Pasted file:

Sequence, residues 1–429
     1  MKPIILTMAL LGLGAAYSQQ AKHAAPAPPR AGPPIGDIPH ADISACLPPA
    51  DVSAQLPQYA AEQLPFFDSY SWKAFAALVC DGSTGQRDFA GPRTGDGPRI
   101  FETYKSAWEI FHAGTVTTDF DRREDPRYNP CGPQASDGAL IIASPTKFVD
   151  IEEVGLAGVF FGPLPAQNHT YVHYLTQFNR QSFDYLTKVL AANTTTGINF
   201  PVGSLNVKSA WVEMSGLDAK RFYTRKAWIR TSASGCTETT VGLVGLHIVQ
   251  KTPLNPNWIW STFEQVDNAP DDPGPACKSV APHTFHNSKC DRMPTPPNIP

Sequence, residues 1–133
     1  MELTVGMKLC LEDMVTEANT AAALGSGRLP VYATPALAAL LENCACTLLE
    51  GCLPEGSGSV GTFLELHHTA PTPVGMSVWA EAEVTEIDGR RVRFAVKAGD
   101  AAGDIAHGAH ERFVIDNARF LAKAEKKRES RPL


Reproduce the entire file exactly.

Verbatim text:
Sequence, residues 1–429
     1  MKPIILTMAL LGLGAAYSQQ AKHAAPAPPR AGPPIGDIPH ADISACLPPA
    51  DVSAQLPQYA AEQLPFFDSY SWKAFAALVC DGSTGQRDFA GPRTGDGPRI
   101  FETYKSAWEI FHAGTVTTDF DRREDPRYNP CGPQASDGAL IIASPTKFVD
   151  IEEVGLAGVF FGPLPAQNHT YVHYLTQFNR QSFDYLTKVL AANTTTGINF
   201  PVGSLNVKSA WVEMSGLDAK RFYTRKAWIR TSASGCTETT VGLVGLHIVQ
   251  KTPLNPNWIW STFEQVDNAP DDPGPACKSV APHTFHNSKC DRMPTPPNIP

Sequence, residues 1–133
     1  MELTVGMKLC LEDMVTEANT AAALGSGRLP VYATPALAAL LENCACTLLE
    51  GCLPEGSGSV GTFLELHHTA PTPVGMSVWA EAEVTEIDGR RVRFAVKAGD
   101  AAGDIAHGAH ERFVIDNARF LAKAEKKRES RPL